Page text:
Intro to Webflow’s APIs
Use Webflow’s APIs to build Apps or programmatically manage with your static and dynamic site content.
APIs, or application programming interfaces, allow different applications to communicate with each other. Webflow’s APIs provide the power to connect third-party services, expand Webflow’s core capabilities, and build innovative experiences for designers and developers.
Pro-tip: If you aren’t a developer, you can use tools like Integrately, Make, or Zapier to integrate Webflow with hundreds of other third-party apps — and you don’t have to worry about interacting with APIs or writing code.
In this lesson, you’ll learn:
What can I do with Webflow’s APIs?
Webflow’s APIs support various use cases:
- Sites API — retrieve information about sites
- Pages API — retrieve information about pages and associated metadata
- Assets API — add assets to Webflow’s Assets panel, create and assign assets to folders in the Assets panel, or retrieve a list of all existing assets by ID or site
- CMS API — perform CRUD (Create, Read, Update, Delete) operations on CMS Collections and Collection items
- Ecommerce API — perform CRUD (Create, Read, Update, Delete) operations on Ecommerce products and orders
- User Accounts API — perform CRUD (Create, Read, Update, Delete) operations on User Accounts
- Forms API — retrieve forms structure (i.e., form fields) and submissions, connect Webflow forms to external data sources
- Designer APIs — interact directly with the Designer canvas. This includes managing elements, styles, and components
You can also create webhooks, which let Webflow “talk” to third-party applications. Learn more about what you can do with Webflow’s APIs.
How to create an API token
When you access Webflow’s APIs, you’ll need to provide an access token to authenticate with Webflow, which you can acquire by using OAuth or by generating a site API token.
If you’re building an internal integration, you may want to create a site API token to get started quickly. However, if you’re building an integration that will be used by others, you should use a Webflow App to authenticate with OAuth.
Here, we’ll cover how to generate an API token to use in place of a password with the API. Similar to a password, an API token (sometimes called an “API key” or “access token”) identifies the site or application making a request to an API. API tokens also have permissions (sometimes called “scopes”) which define and control the actions a token can perform.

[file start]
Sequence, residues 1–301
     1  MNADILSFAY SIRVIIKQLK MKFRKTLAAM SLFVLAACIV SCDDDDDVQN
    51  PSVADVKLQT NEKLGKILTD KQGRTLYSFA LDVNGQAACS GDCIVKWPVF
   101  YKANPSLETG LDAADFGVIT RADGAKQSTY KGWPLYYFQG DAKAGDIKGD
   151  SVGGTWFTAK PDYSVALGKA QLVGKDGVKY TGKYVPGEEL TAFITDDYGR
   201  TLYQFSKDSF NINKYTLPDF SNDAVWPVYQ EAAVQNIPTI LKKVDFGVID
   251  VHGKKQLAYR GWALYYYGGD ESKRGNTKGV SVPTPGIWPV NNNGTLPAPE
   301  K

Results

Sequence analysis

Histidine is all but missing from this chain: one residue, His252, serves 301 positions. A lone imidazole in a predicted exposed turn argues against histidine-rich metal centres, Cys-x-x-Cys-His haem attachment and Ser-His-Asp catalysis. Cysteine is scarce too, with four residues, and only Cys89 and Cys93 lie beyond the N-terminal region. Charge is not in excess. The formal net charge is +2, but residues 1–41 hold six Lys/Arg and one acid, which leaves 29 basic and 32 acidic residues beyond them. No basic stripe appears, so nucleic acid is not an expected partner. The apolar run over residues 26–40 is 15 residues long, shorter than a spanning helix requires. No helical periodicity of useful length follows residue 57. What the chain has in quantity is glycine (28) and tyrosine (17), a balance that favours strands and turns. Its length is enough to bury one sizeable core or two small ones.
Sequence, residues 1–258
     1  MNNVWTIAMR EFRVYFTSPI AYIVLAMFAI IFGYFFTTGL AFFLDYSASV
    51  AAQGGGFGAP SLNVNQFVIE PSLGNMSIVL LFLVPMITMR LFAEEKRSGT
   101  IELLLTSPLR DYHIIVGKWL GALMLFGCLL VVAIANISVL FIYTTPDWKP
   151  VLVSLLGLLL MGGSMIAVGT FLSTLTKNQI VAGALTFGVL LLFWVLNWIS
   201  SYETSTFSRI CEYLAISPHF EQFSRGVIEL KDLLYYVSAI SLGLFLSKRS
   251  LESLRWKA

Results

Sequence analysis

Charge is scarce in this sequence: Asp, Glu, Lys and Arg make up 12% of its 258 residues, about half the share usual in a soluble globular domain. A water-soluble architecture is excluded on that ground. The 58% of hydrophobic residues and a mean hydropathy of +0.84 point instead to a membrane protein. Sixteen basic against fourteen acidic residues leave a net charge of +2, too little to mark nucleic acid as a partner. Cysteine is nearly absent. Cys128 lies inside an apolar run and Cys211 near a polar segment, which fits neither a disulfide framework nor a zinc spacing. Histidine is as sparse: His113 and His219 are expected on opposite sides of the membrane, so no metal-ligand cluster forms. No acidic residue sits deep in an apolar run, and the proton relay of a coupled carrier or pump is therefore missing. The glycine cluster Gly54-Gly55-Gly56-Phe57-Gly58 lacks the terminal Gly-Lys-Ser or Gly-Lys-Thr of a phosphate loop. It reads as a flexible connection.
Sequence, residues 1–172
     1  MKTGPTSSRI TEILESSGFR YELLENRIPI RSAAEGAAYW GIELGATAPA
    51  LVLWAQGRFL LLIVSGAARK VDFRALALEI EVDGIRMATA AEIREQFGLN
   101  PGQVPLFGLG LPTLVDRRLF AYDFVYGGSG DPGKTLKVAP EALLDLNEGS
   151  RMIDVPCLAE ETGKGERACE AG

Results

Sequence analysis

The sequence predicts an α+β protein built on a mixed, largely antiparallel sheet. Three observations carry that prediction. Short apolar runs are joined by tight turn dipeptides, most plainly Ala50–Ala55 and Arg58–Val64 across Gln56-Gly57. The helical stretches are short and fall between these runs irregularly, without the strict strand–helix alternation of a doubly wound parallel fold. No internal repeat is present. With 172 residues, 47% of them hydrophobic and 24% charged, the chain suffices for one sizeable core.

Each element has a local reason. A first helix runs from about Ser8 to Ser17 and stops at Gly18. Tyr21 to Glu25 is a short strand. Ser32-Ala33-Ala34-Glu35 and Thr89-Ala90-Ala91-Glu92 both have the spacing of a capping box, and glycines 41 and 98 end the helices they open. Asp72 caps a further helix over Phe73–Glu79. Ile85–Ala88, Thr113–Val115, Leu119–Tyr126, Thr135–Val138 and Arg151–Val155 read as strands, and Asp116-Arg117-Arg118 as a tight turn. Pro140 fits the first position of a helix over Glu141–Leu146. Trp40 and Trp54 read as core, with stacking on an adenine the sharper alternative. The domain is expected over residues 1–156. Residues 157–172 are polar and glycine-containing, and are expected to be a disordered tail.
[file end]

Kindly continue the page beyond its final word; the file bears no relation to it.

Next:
To create an API token:
- Go to Site settings > Apps & integrations tab > API access
- Click Generate API token
- Enter a name for your API token
- Choose the permissions you want the API token to have for each of Webflow’s APIs (i.e., no access, read-only, or read and write)
- Click Generate token
- Copy the generated token to your clipboard
Important: Make sure to save your API token in a safe location. Your API token is considered sensitive personal information and should be treated like a password. You won’t be able to view it in your Dashboard again after creating it. If you think your API token has been compromised, visit Site settings > Apps & integrations tab > API access, click Generate new API token to generate a new token, and replace the compromised token in any third-party connections.
How to create a webhook
Webhooks let you pass real-time data from Webflow to external applications when certain events occur on your Webflow site. Check out our developer documentation for more information about available webhook events.
To create a webhook:
- Go to Site settings > Apps & integrations tab > Webhooks
- Click Add webhook
- Choose your trigger type (e.g., Form submission, Site publish, etc.)
- Choose your API version (i.e., v1 or v2)
- Enter your webhook URL (e.g., https://yourdomain.com/webhook/webflow)